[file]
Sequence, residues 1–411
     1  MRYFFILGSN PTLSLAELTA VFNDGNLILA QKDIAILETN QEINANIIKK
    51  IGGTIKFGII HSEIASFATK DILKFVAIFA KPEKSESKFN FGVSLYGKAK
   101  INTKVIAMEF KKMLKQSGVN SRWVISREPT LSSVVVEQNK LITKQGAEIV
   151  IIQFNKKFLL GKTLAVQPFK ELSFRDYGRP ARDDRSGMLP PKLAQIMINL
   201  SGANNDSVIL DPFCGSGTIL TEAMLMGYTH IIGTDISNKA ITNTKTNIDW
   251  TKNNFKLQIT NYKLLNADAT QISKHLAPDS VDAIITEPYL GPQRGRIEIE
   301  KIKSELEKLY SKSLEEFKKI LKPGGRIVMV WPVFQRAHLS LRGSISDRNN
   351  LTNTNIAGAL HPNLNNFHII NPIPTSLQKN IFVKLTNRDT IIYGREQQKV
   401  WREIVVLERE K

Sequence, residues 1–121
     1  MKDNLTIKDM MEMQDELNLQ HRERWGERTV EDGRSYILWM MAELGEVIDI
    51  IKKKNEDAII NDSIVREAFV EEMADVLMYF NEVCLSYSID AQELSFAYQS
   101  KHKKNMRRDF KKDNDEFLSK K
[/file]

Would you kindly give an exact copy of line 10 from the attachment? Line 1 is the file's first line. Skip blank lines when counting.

   401  WREIVVLERE K